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Technical Application and Review of Remote Public Health Monitors Project Scope The project is primarily to monitor the health among disaster victims in.

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Presentation on theme: "Technical Application and Review of Remote Public Health Monitors Project Scope The project is primarily to monitor the health among disaster victims in."— Presentation transcript:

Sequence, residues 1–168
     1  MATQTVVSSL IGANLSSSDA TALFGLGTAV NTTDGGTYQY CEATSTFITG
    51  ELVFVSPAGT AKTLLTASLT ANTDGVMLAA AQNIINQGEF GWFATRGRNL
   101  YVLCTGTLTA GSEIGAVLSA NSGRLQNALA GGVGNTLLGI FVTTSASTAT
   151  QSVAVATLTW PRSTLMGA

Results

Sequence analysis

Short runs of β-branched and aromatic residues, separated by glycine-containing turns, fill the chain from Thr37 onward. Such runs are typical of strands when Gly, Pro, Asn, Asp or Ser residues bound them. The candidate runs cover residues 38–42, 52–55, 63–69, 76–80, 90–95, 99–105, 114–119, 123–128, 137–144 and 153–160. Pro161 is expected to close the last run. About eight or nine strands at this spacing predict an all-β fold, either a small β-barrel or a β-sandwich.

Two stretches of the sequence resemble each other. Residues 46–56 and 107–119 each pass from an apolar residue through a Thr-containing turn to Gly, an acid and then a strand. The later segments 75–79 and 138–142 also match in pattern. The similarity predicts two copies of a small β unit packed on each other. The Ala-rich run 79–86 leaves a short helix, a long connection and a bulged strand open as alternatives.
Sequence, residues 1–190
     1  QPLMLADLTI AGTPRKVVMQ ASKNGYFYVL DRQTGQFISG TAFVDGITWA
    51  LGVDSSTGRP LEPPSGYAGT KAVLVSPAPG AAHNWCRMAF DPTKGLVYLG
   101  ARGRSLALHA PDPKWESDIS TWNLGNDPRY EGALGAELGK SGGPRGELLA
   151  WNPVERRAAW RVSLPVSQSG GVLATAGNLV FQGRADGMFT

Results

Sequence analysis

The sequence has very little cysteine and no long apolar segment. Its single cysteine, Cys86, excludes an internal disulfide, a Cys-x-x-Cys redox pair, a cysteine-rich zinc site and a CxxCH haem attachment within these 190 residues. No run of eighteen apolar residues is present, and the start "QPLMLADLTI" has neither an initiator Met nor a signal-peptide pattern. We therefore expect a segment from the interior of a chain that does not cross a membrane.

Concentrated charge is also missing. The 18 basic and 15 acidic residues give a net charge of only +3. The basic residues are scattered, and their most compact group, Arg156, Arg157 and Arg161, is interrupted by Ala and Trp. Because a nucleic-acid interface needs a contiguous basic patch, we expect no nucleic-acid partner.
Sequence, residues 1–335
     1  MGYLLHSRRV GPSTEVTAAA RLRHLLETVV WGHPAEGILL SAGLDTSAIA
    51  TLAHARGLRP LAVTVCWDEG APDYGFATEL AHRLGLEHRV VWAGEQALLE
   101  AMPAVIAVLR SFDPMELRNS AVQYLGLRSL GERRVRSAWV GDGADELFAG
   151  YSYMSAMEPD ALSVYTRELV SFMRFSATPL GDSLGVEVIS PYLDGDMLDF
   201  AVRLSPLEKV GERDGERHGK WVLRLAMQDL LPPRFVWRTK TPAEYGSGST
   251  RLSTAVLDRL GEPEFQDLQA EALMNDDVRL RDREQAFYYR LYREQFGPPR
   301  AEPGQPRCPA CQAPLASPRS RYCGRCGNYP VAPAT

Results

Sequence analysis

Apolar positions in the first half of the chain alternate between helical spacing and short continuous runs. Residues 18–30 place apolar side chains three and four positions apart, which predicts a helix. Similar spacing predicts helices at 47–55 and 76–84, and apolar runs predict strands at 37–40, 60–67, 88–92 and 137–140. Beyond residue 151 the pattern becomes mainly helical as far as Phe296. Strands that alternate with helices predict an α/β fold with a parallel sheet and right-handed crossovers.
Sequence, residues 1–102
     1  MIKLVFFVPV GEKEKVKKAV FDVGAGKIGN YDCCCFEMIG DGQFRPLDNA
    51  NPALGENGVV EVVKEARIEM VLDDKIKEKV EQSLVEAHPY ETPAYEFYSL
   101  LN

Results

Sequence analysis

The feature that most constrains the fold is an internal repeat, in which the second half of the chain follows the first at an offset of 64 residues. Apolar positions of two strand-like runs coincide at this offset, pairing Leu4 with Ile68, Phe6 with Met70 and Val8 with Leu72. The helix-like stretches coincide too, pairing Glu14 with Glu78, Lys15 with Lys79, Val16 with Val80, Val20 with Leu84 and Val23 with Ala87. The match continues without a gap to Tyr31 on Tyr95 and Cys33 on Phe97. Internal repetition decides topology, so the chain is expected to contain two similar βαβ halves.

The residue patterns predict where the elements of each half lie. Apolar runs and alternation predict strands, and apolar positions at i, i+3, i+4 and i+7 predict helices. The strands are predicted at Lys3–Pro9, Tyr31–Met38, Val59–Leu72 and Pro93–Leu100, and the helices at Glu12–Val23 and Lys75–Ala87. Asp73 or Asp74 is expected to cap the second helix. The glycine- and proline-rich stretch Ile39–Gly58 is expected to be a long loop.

1 Technical Application and Review of Remote Public Health Monitors Project Scope The project is primarily to monitor the health among disaster victims in shelters or quarantine situations. The monitor is a band that can be placed on the wrist, or elsewhere on the body, and provides heart rate and body movement in real time and/or stores data for assessments. While the monitor is currently designed for rehabilitation, an advanced, multi-sensor device can measure body heat and fluids to determine different stages of infections, lifespan status and individuals’ locations. Since the bands remotely monitor the infected and sick, health management can be more effective. If a specialist monitors an affected population to detect possible illness, such as less movement and/or heart rate changes, protocols can determine whether to attach the advanced band to monitor health care more effectively. The mass production of the heart rate and movement band will cost $60 and the advanced band will cost $180. Other costs include equipment such as computers with software designed to view the status of each band and also the trained staff to install and maintain the equipment. Project Scope The project is primarily to monitor the health among disaster victims in shelters or quarantine situations. The monitor is a band that can be placed on the wrist, or elsewhere on the body, and provides heart rate and body movement in real time and/or stores data for assessments. While the monitor is currently designed for rehabilitation, an advanced, multi-sensor device can measure body heat and fluids to determine different stages of infections, lifespan status and individuals’ locations. Since the bands remotely monitor the infected and sick, health management can be more effective. If a specialist monitors an affected population to detect possible illness, such as less movement and/or heart rate changes, protocols can determine whether to attach the advanced band to monitor health care more effectively. The mass production of the heart rate and movement band will cost $60 and the advanced band will cost $180. Other costs include equipment such as computers with software designed to view the status of each band and also the trained staff to install and maintain the equipment. Materials and Methods The Remote Public Health Monitor is composed of two components – a band monitor and feedback to the specialist through software. These components work together to provide the data and insight that enables specialists to deliver true health management and disaster victim safety. Key Metrics Delivered Figure one shows the technology that will be used to determine a individuals current health status in a shelter or quarantine situation. The technology will provide the following: Heart Rate – used to understand basic condition of victim Body Temperature -- used to discover illness or disease Piezoelectric Accelerometer – used to detect movement GPS – used to locate victim in case of emergency Materials and Methods The Remote Public Health Monitor is composed of two components – a band monitor and feedback to the specialist through software. These components work together to provide the data and insight that enables specialists to deliver true health management and disaster victim safety. Key Metrics Delivered Figure one shows the technology that will be used to determine a individuals current health status in a shelter or quarantine situation. The technology will provide the following: Heart Rate – used to understand basic condition of victim Body Temperature -- used to discover illness or disease Piezoelectric Accelerometer – used to detect movement GPS – used to locate victim in case of emergency Design Features and Results A band similar to one shown in figure two will contain all the components needed to monitor an individual’s life signs. It will be worn on the person’s wrist and activate once movement is detected. The data collected by the sensors will be sent to the health monitoring interface computer in which specialists can view in real time the progress of any infections or disease. Implementation The specialist will utilize the health monitors as a therapeutic tool on disaster victims throughout the quarantine situation. The victim's heart rate and life signs will be monitored through the use of sensor technology in order to uphold health management and safety. When an individual is involved in a quarantine situation or enters a shelter, emergency personal will place the health monitor on the individual and monitor their life signs via software. The software will be designed to understand and provide feedback from the data sent by the health monitors by the use of user-friendly graphical user interfaces (GUIs). A solution overview of the components of Remote Public Health Monitors is shown in figure three. In the Health Monitor system, the heart rate sensor, galvanic skin response sensor, and skin temperature sensor are used to determine the user’s life signals and different stages of an infection if present. The sensors are melded to the programmable unit within the band and process data through the CPU. The processed data is then sent to the health monitor interface computer via a Bluetooth transmitter. The sensors and programmable unit will be powered by a rechargeable small battery similar to a watch battery. The health monitoring interface computer will store and use the data received by the band to produce infromative feedback reports of the health status of band users. Design Features and Results A band similar to one shown in figure two will contain all the components needed to monitor an individual’s life signs. It will be worn on the person’s wrist and activate once movement is detected. The data collected by the sensors will be sent to the health monitoring interface computer in which specialists can view in real time the progress of any infections or disease. Implementation The specialist will utilize the health monitors as a therapeutic tool on disaster victims throughout the quarantine situation. The victim's heart rate and life signs will be monitored through the use of sensor technology in order to uphold health management and safety. When an individual is involved in a quarantine situation or enters a shelter, emergency personal will place the health monitor on the individual and monitor their life signs via software. The software will be designed to understand and provide feedback from the data sent by the health monitors by the use of user-friendly graphical user interfaces (GUIs). A solution overview of the components of Remote Public Health Monitors is shown in figure three. In the Health Monitor system, the heart rate sensor, galvanic skin response sensor, and skin temperature sensor are used to determine the user’s life signals and different stages of an infection if present. The sensors are melded to the programmable unit within the band and process data through the CPU. The processed data is then sent to the health monitor interface computer via a Bluetooth transmitter. The sensors and programmable unit will be powered by a rechargeable small battery similar to a watch battery. The health monitoring interface computer will store and use the data received by the band to produce infromative feedback reports of the health status of band users. As shown in figure four, when the user puts on the Health Monitor, it will turn on automatically from detecting movement and begin recording of life signs via the sensors. The CPU on the programmable unit will process the data and send it to the health monitoring interface computer by Bluetooth. The data will be stored in a database and be used to display the current life signals of individuals in real time. The specialist will then decide whether to remove the health monitor from an individual by receiving information from a higher authority that the quarantine is over. If the quarantine is lifted, the health monitors will be removed and be charged through USB ports. Another option instead of recharging the health monitors is to replace the battery. Technical Risk Analysis C1 – User Acceptance is the biggest risk of this project because if the disaster victim believes the health monitor to be violating human rights then the individual will not wear it, making the system incomplete. More information about this risk is provided by Nick Paulson’s study of risk factors of remote health monitors. C2 – Improper utilization of the health monitor interface by specialists and improper use of the health monitors by disaster victims will be mitigated by very specific install instructions. T1 – Hardware and Software Interoperability is the second largest risk for the project and will be mitigated by testing. T2 – Malfunction of the device and software will be mitigated by troubleshooting staff that will support both users and specialists. As shown in figure four, when the user puts on the Health Monitor, it will turn on automatically from detecting movement and begin recording of life signs via the sensors. The CPU on the programmable unit will process the data and send it to the health monitoring interface computer by Bluetooth. The data will be stored in a database and be used to display the current life signals of individuals in real time. The specialist will then decide whether to remove the health monitor from an individual by receiving information from a higher authority that the quarantine is over. If the quarantine is lifted, the health monitors will be removed and be charged through USB ports. Another option instead of recharging the health monitors is to replace the battery. Technical Risk Analysis C1 – User Acceptance is the biggest risk of this project because if the disaster victim believes the health monitor to be violating human rights then the individual will not wear it, making the system incomplete. More information about this risk is provided by Nick Paulson’s study of risk factors of remote health monitors. C2 – Improper utilization of the health monitor interface by specialists and improper use of the health monitors by disaster victims will be mitigated by very specific install instructions. T1 – Hardware and Software Interoperability is the second largest risk for the project and will be mitigated by testing. T2 – Malfunction of the device and software will be mitigated by troubleshooting staff that will support both users and specialists. Conclusion and DHS Relevance This project can primarily be used for emergency response and for emergency preparedness. In the context of emergency response, the health monitors can be implemented at shelters and for quarantines to improve recognition of infections and minimize the spread of disease in confinement. In the context of preparedness, the monitors can be available for emergency services in communities and provide a way that severe infections can be successfully managed and the sick quarantined to improve the protection of the survivors and prevent a disaster. Prototype Design: If funded, a similar device on the market can be purchased and tested to remotely monitor sickness among a target population, such as a business office. If remote protocols are helpful in a test community, the design of an advanced monitor is warranted. The technology transitioning of a product from the company SenseWear can be modified and used as a health monitor prototype. The sample picture of a band in figure two and also the core technology picture in figure one are examples of the Sense Wear product that can be transformed into a health monitor. Also, more research into risk analysis and mitigation, competition, project management, and budgeting staff expenses are needed to make this prototype a success. Conclusion and DHS Relevance This project can primarily be used for emergency response and for emergency preparedness. In the context of emergency response, the health monitors can be implemented at shelters and for quarantines to improve recognition of infections and minimize the spread of disease in confinement. In the context of preparedness, the monitors can be available for emergency services in communities and provide a way that severe infections can be successfully managed and the sick quarantined to improve the protection of the survivors and prevent a disaster. Prototype Design: If funded, a similar device on the market can be purchased and tested to remotely monitor sickness among a target population, such as a business office. If remote protocols are helpful in a test community, the design of an advanced monitor is warranted. The technology transitioning of a product from the company SenseWear can be modified and used as a health monitor prototype. The sample picture of a band in figure two and also the core technology picture in figure one are examples of the Sense Wear product that can be transformed into a health monitor. Also, more research into risk analysis and mitigation, competition, project management, and budgeting staff expenses are needed to make this prototype a success. Literature Cited SenseWear. (2008). Retrieved January 5, 2009, from SenseWear: Acknowledgments Dr. Anne Garland - Applied Research in Environmental Sciences NonProft, Inc. (ARIES) “This project was funded through the National Center of Risk and Economic Analysis of Terrorism Events (CREATE) Center of Excellence by a grant from the Department of Homeland Security, Science and Technology Directorate, Office of University Programs.” For Further Information -Contact Spencer Garland at A brief description, project management and technical information can be viewed at with Username: “Guest” and Password: “project”, and go to the forum section of the Project labeled “Remote Public Health Monitors”. Literature Cited SenseWear. (2008). Retrieved January 5, 2009, from SenseWear: Acknowledgments Dr. Anne Garland - Applied Research in Environmental Sciences NonProft, Inc. (ARIES) “This project was funded through the National Center of Risk and Economic Analysis of Terrorism Events (CREATE) Center of Excellence by a grant from the Department of Homeland Security, Science and Technology Directorate, Office of University Programs.” For Further Information -Contact Spencer Garland at A brief description, project management and technical information can be viewed at with Username: “Guest” and Password: “project”, and go to the forum section of the Project labeled “Remote Public Health Monitors”. Spencer Garland, Nick Paulson Working Together For A Safer Tomorrow/National Center of Risk and Economic Analysis of Terrorism Events Old Dominion University, Department of Computer Science Spencer Garland, Nick Paulson Working Together For A Safer Tomorrow/National Center of Risk and Economic Analysis of Terrorism Events Old Dominion University, Department of Computer Science Probability Not LikelyLowModerateHighExpected Impact ExtremeT1 C1 High ModerateT3 T2 Low C2 Negligible ItemTechnical RisksProbabilityImpact T1Hardware and Software Interoperability25 T2Malfunction (Device and Software)23 T3Hardware and Software Accuracy13 ItemCustomer RisksProbabilityImpact C1User Acceptance3 5 C2Proper Utilization12 Fig..1 – Core Technology Fig.3 – Major Functional Component Diagram Fig.2 – Health Monitor Band Fig.4 – Device Process Flow Skin Temperature measures the surface temperature of the body 3-axis Accelerometer measures motion Galvanic Skin Response measures skin impedance which reflects water content of the skin and the constriction or dilation of the Vascular periphery Heat Flux Measures the rate at which heat is dissipating from the body